• Jennifer Meliton

Why are they LIKE that?

What can you do if you are a new or student teacher surrounded by miserable old farts?

Many of my friends work in education. Last month when some of us were together, they began discussing (and let me be candid, lamenting) some student teachers at their respective schools. "Why are they like that? We were never that way." It struck me how very much the conversation has shifted for us because I clearly remember similar conversations from the past complaining about the state of the older generation of teachers, and how we swore we would never get THAT WAY. And if we did we would retire immediately. These conversations took place mainly at a bar after a hard week of observing or student teaching, and continued at wedding and baby showers as we began our lives.

Certainly I hope that none of my friends or I would be the crusty targets of those types of convo, but I have to be honest, I know we can get a little salty. How did that happen? Are we actually........ THAT WAY? Is it you? Or is it us?

I'll leave my posse out of it, because I'm totally sure we're not (LOL). But what can you do when you feel like the veterans coaching you are just so__________ (fill in the blank). First, a formula:

Perspective=Time x Personality

Perspective is defined as, "a particular attitude toward or way of regarding something; a point of view." I have definitely had 5th graders who had saltier-old-man personalities than my dad, who is 85. Personality is personality. People change, yes, but for the most part, they are what they are. Over time, they may situationally soften or get more prickly...but time tends to magnify that which already exists in a person.

PRO-TIP: If you find yourself surrounded by staff who are just miserable, it's important to take a minute to get their perspective. Ask the professionals you are working with what they like the most about teaching. They might start with a flip comment, but then they will get back to what's important, I promise. Next, ask them if their feelings about the classroom have changed over the years. Then....listen. End with a sincere thank-you. "Thank you for sharing, I want to learn everything I can from you guys because you've been there."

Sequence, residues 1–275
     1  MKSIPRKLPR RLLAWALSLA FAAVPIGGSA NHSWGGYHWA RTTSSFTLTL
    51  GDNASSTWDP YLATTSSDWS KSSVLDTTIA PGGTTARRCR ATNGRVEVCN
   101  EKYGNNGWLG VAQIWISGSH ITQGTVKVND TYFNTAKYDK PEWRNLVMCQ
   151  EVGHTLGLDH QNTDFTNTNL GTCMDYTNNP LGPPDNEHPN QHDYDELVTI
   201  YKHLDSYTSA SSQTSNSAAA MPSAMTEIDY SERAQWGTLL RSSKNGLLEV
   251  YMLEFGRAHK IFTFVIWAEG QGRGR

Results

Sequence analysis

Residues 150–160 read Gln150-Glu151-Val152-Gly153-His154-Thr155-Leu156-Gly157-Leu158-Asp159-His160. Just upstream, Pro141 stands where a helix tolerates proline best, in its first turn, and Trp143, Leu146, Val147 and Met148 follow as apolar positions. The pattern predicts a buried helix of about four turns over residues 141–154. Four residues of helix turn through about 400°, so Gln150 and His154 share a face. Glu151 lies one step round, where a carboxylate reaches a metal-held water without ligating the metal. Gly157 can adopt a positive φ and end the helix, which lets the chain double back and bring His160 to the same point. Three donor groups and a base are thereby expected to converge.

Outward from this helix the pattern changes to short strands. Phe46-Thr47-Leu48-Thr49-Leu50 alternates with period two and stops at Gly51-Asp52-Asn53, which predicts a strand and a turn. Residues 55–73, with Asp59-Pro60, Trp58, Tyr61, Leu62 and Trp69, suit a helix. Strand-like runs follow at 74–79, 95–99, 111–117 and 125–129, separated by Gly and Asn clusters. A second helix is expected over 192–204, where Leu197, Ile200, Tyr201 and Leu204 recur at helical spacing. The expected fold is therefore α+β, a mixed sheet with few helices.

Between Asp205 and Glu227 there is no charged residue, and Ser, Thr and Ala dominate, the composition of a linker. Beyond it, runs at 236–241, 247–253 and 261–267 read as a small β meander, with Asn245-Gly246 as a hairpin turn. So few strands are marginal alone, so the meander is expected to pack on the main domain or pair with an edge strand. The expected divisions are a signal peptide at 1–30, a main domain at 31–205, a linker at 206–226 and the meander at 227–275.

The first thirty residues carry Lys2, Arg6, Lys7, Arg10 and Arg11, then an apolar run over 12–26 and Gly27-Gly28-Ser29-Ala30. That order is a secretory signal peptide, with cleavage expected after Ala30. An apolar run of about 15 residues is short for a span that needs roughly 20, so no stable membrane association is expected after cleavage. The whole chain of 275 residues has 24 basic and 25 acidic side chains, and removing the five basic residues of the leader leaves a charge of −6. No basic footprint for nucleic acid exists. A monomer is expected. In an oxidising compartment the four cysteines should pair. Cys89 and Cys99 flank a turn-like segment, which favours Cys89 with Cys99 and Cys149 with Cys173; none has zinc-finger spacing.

The fact that you ask, then listen (with some thoughtful nods of the head and hmmms), then thank them will totally endear you to them. They're going to look at each other like this:

You have the added benefit of actually learning why they feel like they do.

BASIC: Ask to learn from these folks. Talking about what they know will make them happy, whether they outwardly show it or not. They will love feeling like they are making a difference to you.

Do not attempt the "misery loves company" strategy. Mirroring perceived crankiness by complaining alongside them doesn't work and will backfire. Stay positive (not a suggestion, a MUST) and focused on what you love about teaching, kids and school. Don't rub sunshine in their faces, just show your general happiness (which I hope you have, and if you don't you need to take steps to get it) and do an amazing job.

INSIDER SECRET: bring treats. Drop the $10 or $20 on donuts, or even better, bring in some homemade cookies. I swear to you the most abominable snowman will defrost. Even if you're not working with cranky people, do this to anyway. It will make you totally memorable.

Caveat: If there is some kind of unprofessional behavior going on, please immediately speak to your university supervisor or building principal. No baked good will change that, and you certainly should not be subject to abuse.

Share your own story or ask a question here!

Til next time, love those kids!

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